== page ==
Kavanaugh v. Gorsuch, er, I mean, Apple, Inc. v. Pepper

For the second time this Supreme Court Term, Justice Gorsuch has dissented from a majority opinion by Justice Kavanaugh. Both times, the beneficiary of Kavanaugh's vote has been a plaintiff whose cause of action Kavanaugh would recognize but Gorsuch would not. In today's opinion, Apple, Inc. v. Pepper, the result is that consumers seeking to sue Apple for monopolizing the retail market for iPhone apps can proceed with their suit. (The previous Kavanaugh-Gorsuch split came in a case called Air & Liquid Systems Corp. v. DeVries, in which Kavanaugh's opinion allowed plaintiffs to sue shipbuilders for failing to warn of harms caused by asbestos components that the shipbuilders did not themselves manufacture but knew would be used in the ships.)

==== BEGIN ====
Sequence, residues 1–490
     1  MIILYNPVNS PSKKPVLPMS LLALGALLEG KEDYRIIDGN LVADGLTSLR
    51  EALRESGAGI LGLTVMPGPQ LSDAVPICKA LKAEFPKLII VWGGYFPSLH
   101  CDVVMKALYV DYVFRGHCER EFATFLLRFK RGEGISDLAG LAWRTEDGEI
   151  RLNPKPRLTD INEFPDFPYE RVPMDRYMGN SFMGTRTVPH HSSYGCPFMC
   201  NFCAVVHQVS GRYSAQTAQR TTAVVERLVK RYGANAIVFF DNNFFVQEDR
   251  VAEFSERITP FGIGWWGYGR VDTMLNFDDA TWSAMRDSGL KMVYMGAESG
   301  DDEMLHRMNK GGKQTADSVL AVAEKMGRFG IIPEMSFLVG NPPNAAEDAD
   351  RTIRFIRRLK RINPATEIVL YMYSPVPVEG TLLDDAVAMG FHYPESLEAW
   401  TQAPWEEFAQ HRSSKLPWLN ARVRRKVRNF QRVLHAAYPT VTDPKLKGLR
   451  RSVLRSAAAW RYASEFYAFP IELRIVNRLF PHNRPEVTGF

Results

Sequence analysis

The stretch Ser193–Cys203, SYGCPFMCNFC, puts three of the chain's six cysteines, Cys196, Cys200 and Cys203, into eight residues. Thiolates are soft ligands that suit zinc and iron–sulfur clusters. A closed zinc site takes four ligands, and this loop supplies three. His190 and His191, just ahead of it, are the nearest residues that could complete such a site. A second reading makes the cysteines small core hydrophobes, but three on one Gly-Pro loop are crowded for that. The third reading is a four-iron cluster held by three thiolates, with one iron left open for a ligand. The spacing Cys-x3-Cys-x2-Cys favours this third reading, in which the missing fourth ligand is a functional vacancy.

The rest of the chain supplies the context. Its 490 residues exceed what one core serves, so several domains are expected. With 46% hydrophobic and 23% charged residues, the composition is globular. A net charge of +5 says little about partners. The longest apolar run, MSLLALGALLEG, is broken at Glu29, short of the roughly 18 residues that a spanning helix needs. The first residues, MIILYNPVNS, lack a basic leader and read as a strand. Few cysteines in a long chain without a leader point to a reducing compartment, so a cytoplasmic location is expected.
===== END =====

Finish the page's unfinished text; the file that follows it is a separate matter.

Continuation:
The Apple decision concerned whether the so-called "Illinois Brick" rule, which prohibits indirect purchasers from bringing antitrust claims against companies higher up a supply chain with whom they didn't do business directly, bars app purchasers from suing Apple. Apple claimed that app purchase consumers are sorta like indirect purchasers because, according to Apple, app developers and not Apple determine the prices that will be paid for their apps.

Kavanaugh crisply disagreed. ''It is undisputed that the iPhone owners bought the apps directly from Apple. Therefore, under Illinois Brick, the iPhone owners were direct purchasers who may sue Apple for alleged monopolization." There's a bit more to the opinion than that, but that is the gist. Kavanaugh's "straightforward" conclusion was joined by the Court's four liberals, while the remaining conservatives joined Justice Gorsuch.

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